It’s the game of the day. The Padres are traveling to Washington, DC. It happened on the last day of a three-game series against the Nationals. That’s right. This is the game where Kim was hit by a pitch and writhed in pain.

In the bottom of the first inning, the home team bats first. Lane Thomas is up first. SD starter Blake Snell throws him a five-pitch fastball (95 mph) up and away. The timing is right here. A 100-mph clothesline to the third baseman.

Awesome Kim makes the catch. But it’s no match. It was too fast and too low. The ball slips out of her glove, but her timing is good enough. With his quickness, he catches it and throws to first base. You know the drill: his perfect shot. Safe + bullet delivery to the door.

But then something unexpected happens. The receiver is not there. The first baseman is standing a few steps away, looking on. He probably thinks the third baseman caught the ball himself.

The fly ball has nowhere to go and flies past its destination to the front of the dugout. In the meantime, the batter has rounded first base and advanced to second. The mistake is costly. One out later, Joey Meneses singles and the runner from second comes home. The Nats take the lead. (O’Dowd’s three-run homer in the ninth inning put the Padres back in front.)

This play is on the chopping block. One media outlet did. It came from FORTHEWIN, an online outlet under the USA Today umbrella. The headline read. “Kim’s play to empty first base epitomizes Padres’ embarrassing season 먹튀검증.

The content is exactly what you’d expect. “San Diego made a huge investment. They made some big signings during the offseason. They were supposed to compete with the Dodgers for the NL West title, so they shouldn’t be in a standings battle with the last-place Rockies. But this game shows why they’re struggling this year.” The argument goes something like this.

There’s nothing wrong with that. It’s a mistake that shouldn’t happen at the professional level. The primary responsibility lies with the thrower. It’s common sense to make sure there’s a receiver. The official record is hits + errors. It was an infield hit to first base and a throwing error by the third baseman to second base. It was his third error of the season. He’s made one at second base (260.2 innings), one at shortstop (36.1 innings), and one at third base (112 innings).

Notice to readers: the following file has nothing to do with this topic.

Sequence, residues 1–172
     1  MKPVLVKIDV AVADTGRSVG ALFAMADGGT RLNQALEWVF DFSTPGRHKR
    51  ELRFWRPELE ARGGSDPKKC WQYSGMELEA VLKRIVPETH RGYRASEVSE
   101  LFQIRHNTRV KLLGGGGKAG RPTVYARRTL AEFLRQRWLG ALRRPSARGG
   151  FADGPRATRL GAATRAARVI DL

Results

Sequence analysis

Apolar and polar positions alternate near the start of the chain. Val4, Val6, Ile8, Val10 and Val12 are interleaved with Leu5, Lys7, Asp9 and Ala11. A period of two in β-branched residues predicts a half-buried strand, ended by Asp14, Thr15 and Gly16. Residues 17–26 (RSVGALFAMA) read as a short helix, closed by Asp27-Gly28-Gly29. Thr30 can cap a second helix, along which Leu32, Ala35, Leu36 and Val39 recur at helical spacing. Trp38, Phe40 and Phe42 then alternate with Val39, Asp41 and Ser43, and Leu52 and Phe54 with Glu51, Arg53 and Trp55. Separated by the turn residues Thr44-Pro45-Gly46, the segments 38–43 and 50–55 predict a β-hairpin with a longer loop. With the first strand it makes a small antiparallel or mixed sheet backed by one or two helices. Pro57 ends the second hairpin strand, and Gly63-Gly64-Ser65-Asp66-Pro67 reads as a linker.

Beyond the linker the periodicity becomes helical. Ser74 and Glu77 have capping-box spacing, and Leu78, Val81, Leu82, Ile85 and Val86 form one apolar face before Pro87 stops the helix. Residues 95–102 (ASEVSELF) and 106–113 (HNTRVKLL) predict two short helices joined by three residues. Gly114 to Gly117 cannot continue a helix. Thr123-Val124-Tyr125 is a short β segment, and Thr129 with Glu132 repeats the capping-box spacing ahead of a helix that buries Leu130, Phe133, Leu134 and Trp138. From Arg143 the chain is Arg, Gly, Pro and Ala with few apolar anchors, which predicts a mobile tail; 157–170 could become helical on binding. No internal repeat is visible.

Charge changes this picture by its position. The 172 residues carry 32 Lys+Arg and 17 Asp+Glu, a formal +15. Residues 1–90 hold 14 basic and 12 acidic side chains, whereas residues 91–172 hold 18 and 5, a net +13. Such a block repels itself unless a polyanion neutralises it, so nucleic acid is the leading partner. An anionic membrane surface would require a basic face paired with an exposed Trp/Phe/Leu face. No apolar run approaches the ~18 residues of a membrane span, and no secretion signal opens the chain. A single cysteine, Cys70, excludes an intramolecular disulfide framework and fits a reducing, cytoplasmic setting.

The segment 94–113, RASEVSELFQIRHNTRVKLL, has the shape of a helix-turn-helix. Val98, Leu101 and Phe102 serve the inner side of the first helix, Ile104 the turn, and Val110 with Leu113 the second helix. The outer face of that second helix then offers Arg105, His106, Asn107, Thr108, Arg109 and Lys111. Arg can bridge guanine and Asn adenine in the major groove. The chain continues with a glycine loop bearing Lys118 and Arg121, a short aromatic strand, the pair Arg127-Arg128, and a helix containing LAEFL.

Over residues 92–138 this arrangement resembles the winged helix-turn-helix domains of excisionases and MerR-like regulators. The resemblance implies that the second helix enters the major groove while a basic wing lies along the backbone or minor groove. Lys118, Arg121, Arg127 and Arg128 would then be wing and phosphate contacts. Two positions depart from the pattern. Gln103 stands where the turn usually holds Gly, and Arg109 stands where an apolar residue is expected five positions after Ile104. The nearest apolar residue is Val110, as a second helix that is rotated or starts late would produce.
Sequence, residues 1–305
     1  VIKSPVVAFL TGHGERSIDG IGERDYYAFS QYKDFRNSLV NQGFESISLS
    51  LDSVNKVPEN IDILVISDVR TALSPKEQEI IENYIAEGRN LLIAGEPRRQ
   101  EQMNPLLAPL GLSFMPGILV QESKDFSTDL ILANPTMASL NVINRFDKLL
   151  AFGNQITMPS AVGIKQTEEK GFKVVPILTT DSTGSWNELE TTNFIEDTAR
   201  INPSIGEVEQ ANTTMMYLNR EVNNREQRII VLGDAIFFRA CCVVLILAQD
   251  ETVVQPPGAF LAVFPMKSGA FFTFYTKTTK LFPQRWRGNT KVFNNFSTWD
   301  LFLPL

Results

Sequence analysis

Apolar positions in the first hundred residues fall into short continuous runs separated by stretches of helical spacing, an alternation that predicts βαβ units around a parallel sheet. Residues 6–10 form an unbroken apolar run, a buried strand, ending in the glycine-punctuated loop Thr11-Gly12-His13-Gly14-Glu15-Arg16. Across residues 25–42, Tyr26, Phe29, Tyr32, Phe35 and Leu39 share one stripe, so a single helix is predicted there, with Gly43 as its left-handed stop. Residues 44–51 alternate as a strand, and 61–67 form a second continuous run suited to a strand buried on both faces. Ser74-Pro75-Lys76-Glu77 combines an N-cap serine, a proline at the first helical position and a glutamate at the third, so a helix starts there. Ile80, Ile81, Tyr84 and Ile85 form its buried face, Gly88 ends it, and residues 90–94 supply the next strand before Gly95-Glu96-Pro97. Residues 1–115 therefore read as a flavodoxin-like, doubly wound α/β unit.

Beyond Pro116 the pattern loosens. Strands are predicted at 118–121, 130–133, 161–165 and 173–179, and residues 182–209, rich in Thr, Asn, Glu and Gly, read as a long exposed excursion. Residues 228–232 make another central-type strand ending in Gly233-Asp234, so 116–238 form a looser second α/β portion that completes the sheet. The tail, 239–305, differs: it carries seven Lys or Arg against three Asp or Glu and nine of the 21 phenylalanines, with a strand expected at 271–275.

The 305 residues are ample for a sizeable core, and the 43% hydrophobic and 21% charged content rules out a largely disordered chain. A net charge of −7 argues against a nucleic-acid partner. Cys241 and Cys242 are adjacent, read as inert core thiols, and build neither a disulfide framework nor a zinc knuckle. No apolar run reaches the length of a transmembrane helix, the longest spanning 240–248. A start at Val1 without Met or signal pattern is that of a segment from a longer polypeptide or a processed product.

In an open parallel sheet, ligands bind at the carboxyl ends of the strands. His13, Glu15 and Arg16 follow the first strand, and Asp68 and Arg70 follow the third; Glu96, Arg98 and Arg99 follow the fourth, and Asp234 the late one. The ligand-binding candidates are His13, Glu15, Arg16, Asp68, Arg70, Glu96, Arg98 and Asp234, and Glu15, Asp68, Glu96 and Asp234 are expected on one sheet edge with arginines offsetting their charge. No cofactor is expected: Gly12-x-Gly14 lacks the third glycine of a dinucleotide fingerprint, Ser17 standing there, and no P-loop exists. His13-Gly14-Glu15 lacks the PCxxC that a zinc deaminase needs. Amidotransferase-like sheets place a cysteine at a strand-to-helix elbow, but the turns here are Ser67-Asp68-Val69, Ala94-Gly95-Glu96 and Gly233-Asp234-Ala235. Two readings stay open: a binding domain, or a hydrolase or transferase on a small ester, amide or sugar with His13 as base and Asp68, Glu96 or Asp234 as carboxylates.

But let’s break it down: who’s really at fault: the third baseman who threw to an empty bag or the owner of the base who left first base unoccupied?

First, let’s break down the play. The line drive was almost caught. But it doesn’t. The diving third baseman catches the ball and spins in a full circle. To create a throwing motion. As you know, the first baseman is a fast runner. He has to shoot without breathing. I wouldn’t have time to look. No, you have to assume there’s someone on first base. If there was, it would have been an easy out.

The video went viral on social media. Comments and retweets were flying. Some of them were similar to the media’s take on Foderwin. A mix of self-help reactions to the team’s current situation. “What the hell is going on,” “That’s so Padres,” “I can’t believe we’re doing this with all those good players.

But a lot of the time, it’s about blame. “Why was that a third-base error or a first-base problem?” “That was a perfect throw,” “Did the scorekeeper see it right?” “They shouldn’t have given Crone (Cronenworth) that big of a contract,” “We’re in the Crone Theater,” “I miss (traded first baseman) Eric Hosmer,” and so on.

Of course, comments aren’t everything. The answer is always in the field. This is a screen shot from the WSH broadcast of the match. It’s just after the end of the game. The home team broadcaster and commentator are chuckling. The camera zooms in on the three players involved. The third baseman looks at the bench. The first baseman looks to the far side of the outfield.

The deciding factor is the pitcher. He is a direct victim. He recognizes the situation more clearly than anyone else. Blake Snell stumbles to the mound. He receives the ball from Gusim and stares at Cronenwirth for a long time. It’s like he’s shooting something with his eyes. I’ll leave it to your imagination to decide what that means.

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